In this case study, Bulgarian Centre for Social Integration and Culture shares its experience of raising awareness about the changes to the election law and encouraging the members of the community to vote. Read on to find out more about the campaign planning and strategy used to engage with the Bulgarian community.
The Voter ID Awareness Campaign of the Bulgarian Centre for Social Integration and Culture is aimed at informing the Bulgarian ethnic, Bulgarian Gypsy, Roma and Traveller (GRT) and the wider Eastern European communities in London of the changes to election law. Our activity also aims to make them aware of their rights, encourage them to fully participate in democracy and get them ready to vote as European Londoners are one of the big groups of potential voters who must be engaged.
Funded by the Greater London Authority’s Voter ID Community Grants Programme – Phase one, the programme is designed to reach the Bulgarian community, via two different channels: delivering drop-in sessions in the Bulgarian language at different locations in Enfield (where one of the biggest Bulgarian community is based in London) and via live-streaming events delivered with the support of the biggest Bulgarian media outlet in London namely Budilnik.
Undoubtedly, the biggest impact was made by the series of live-streaming events in Bulgarian language. This was promoted on six different Facebook pages of the Bulgarian communities, on the Bulgarian Centre for Social Integration and Culture’s own Facebook page and on the Facebook pages of partner organisations, including Budilnik’s social media channels. Using the first language to reach out to tens of thousands of Bulgarian Londoners via social media was a very productive and cost-effective method to engage with a large group of voters. The campaign was very successful due to the collective efforts of many partner organisations and the diverse network of Eastern European communities.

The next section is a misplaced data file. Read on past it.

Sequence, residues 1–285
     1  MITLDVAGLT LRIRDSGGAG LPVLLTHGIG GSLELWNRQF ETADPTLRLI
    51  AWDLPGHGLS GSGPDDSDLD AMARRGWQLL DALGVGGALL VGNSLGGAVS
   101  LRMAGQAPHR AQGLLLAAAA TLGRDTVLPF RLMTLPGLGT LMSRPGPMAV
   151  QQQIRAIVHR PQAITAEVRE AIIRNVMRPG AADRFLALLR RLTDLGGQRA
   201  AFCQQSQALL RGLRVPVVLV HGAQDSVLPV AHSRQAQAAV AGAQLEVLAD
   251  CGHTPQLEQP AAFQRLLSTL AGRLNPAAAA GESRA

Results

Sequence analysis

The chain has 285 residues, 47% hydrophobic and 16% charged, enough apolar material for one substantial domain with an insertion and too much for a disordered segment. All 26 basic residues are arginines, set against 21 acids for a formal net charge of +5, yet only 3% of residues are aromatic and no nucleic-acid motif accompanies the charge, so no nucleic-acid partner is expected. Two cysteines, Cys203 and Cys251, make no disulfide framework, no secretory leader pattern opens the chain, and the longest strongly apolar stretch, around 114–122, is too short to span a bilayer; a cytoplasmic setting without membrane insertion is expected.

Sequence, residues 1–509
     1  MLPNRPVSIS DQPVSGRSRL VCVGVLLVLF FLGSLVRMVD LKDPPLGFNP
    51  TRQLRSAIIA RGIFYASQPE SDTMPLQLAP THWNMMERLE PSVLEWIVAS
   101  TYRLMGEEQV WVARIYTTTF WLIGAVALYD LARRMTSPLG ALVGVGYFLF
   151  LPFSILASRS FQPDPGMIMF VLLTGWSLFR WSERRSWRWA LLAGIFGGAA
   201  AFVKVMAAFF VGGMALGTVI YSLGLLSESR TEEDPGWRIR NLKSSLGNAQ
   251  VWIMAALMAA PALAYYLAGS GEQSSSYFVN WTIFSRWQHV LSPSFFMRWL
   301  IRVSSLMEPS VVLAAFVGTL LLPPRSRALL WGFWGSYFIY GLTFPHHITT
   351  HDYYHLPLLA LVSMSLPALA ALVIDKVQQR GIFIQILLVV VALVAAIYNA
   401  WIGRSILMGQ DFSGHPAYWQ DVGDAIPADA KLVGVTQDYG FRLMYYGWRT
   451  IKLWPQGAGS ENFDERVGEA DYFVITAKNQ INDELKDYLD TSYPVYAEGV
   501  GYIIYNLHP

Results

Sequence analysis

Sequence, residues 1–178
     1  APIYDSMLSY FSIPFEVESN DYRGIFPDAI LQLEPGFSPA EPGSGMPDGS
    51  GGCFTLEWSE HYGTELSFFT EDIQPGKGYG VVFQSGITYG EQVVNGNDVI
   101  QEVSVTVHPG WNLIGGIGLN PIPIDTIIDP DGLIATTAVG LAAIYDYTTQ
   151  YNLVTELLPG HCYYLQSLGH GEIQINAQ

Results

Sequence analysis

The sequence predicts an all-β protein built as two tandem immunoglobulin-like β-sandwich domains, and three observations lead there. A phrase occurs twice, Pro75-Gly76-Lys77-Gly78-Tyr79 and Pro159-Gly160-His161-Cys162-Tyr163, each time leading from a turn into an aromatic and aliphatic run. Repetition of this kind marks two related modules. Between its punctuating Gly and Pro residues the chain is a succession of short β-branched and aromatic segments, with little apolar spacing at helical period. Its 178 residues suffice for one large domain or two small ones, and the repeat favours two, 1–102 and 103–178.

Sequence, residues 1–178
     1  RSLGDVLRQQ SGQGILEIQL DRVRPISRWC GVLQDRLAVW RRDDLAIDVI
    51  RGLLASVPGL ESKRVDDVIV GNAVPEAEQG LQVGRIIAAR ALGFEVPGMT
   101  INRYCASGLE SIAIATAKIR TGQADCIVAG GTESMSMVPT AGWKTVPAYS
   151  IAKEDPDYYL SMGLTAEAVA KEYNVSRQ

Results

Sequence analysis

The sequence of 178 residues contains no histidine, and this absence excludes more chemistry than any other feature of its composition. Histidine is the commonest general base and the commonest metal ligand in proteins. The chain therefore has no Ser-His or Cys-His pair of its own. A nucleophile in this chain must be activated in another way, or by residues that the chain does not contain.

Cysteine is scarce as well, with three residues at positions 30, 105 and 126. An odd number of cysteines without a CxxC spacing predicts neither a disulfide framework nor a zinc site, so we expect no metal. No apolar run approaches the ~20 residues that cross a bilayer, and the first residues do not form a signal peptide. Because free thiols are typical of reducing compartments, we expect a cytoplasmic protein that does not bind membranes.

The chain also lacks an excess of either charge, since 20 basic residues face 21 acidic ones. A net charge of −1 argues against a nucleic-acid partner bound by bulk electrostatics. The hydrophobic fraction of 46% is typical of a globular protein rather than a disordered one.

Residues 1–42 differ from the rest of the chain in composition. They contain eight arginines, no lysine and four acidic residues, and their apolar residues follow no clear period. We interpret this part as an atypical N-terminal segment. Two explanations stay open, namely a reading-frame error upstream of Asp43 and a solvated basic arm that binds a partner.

Another very productive engagement technique was the drop-in sessions delivered in Bulgarian in Enfield. We organised one-to-one sessions with the most vulnerable groups of the community, making them aware of their rights, and encouraging them to exercise their rights and participate in the political process. Engaging directly with individuals by interacting with them in their first language to build trust and confidence played a huge role in successfully disseminating the message.
Delivering a project on this scale has been a learning experience for the team, and we will continue to do this important work. Encouraging a community that is traditionally under-represented to participate in democracy and making them aware of the changes in election law was a huge and rewarding task. The great results were due to the joint efforts of the many partner organisations we worked with. We are happy to note that all our participants reported feeling a greater sense of belonging to their neighbourhood and to London, and an increased confidence in using their voice in civic and democratic life.